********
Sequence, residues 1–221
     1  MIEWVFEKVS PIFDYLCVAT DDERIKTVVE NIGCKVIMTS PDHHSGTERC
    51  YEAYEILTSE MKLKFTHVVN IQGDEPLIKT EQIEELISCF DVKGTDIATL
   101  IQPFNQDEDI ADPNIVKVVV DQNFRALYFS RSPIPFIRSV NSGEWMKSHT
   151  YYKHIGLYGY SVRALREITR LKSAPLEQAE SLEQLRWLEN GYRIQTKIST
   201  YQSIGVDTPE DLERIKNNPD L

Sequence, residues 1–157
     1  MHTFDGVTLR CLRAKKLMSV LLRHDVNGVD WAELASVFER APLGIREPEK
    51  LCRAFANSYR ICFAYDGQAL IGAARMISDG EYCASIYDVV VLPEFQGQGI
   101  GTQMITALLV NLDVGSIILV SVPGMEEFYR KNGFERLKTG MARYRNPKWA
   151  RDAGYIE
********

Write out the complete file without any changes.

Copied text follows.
Sequence, residues 1–221
     1  MIEWVFEKVS PIFDYLCVAT DDERIKTVVE NIGCKVIMTS PDHHSGTERC
    51  YEAYEILTSE MKLKFTHVVN IQGDEPLIKT EQIEELISCF DVKGTDIATL
   101  IQPFNQDEDI ADPNIVKVVV DQNFRALYFS RSPIPFIRSV NSGEWMKSHT
   151  YYKHIGLYGY SVRALREITR LKSAPLEQAE SLEQLRWLEN GYRIQTKIST
   201  YQSIGVDTPE DLERIKNNPD L

Sequence, residues 1–157
     1  MHTFDGVTLR CLRAKKLMSV LLRHDVNGVD WAELASVFER APLGIREPEK
    51  LCRAFANSYR ICFAYDGQAL IGAARMISDG EYCASIYDVV VLPEFQGQGI
   101  GTQMITALLV NLDVGSIILV SVPGMEEFYR KNGFERLKTG MARYRNPKWA
   151  RDAGYIE